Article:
O'bama's HAMP Initiative Struggling to Help Homeowners
September 21, 2016
A government auditor has warned that the U.S. Treasury Department doesn’t understand why distressed homeowners are re-defaulting at an “alarming” rate on government-aided mortgages, costing taxpayers more than $800 million and renewing questions over the administration’s efforts to help troubled borrowers.
The troubling report by the Special Inspector General for the Troubled Asset Relief Program, or SIGTARP, comes as President Barack Obama is set to deliver Wednesday what aides describe as a major address on the economy and the middle class. By detailing the administration’s shortcomings in aiding homeowners, the report may undercut Obama’s message.
The Home Affordable Modification Program -- the White House’s signature effort to assist struggling borrowers in the wake of the financial crisis and Great Recession -- was initially promised to help up to 4 million homeowners avoid foreclosure. Through May, fewer than 880,000 borrowers were making payments on their new HAMP mortgages. The $50 billion commitment to the program has shrunk to about $38 billion. Less than $9 billion has been spent so far on housing programs under the bank bailout program known as TARP.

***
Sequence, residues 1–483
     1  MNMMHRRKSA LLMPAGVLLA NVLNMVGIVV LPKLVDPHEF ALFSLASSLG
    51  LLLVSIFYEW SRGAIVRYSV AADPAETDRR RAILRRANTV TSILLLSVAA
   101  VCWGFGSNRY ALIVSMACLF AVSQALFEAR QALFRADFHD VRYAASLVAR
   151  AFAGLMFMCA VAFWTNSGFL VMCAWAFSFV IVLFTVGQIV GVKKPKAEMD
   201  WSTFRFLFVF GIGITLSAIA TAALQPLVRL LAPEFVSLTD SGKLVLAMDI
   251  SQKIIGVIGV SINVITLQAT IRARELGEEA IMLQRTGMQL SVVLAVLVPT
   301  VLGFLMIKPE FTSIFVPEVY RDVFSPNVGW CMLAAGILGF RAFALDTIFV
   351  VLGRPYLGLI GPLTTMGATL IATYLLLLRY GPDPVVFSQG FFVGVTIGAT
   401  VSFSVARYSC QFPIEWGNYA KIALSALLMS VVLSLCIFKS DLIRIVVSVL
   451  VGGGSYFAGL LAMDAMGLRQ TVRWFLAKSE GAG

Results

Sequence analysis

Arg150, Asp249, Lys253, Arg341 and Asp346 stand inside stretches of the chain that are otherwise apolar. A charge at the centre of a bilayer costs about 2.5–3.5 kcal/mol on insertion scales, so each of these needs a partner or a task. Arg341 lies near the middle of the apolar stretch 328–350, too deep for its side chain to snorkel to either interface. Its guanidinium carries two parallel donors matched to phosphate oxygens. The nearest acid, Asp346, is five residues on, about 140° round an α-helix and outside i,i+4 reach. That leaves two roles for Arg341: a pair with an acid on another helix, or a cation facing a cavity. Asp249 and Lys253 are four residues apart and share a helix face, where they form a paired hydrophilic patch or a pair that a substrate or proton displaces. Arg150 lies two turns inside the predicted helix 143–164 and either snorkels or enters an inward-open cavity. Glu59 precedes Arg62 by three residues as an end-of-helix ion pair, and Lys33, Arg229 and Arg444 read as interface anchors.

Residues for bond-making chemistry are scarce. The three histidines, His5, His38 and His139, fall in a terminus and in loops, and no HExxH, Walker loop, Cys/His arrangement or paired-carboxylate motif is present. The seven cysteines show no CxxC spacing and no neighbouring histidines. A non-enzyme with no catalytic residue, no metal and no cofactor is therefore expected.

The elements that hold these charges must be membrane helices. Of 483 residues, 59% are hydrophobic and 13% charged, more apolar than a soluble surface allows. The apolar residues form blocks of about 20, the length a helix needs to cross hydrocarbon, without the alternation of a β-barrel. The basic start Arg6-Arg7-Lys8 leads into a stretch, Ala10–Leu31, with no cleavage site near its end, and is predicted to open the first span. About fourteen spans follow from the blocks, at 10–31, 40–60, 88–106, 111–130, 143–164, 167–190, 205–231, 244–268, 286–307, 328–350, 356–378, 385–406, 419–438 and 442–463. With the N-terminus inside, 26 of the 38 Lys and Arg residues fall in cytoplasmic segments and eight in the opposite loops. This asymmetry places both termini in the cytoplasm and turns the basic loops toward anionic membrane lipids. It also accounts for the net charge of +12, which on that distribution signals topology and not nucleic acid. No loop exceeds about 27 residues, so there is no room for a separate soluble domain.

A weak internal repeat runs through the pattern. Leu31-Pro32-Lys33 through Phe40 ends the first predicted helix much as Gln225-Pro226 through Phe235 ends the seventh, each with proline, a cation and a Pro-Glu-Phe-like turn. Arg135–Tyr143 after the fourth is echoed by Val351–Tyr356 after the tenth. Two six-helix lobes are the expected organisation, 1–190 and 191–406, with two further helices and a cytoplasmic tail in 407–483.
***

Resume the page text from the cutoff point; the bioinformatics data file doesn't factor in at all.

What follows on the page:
The initiative has languished as mortgage companies have struggled to handle applications for loan modifications and subsequently service homeowners, and Treasury has stumbled in overseeing the companies and setting consistent policies. Despite the humbling results, Treasury officials have consistently argued that homeowners entering the program stood a better shot than most at keeping their homes, thanks to the effective cap on their new monthly loan payments relative to their income.
Read the entire report at Huffingtonpost here: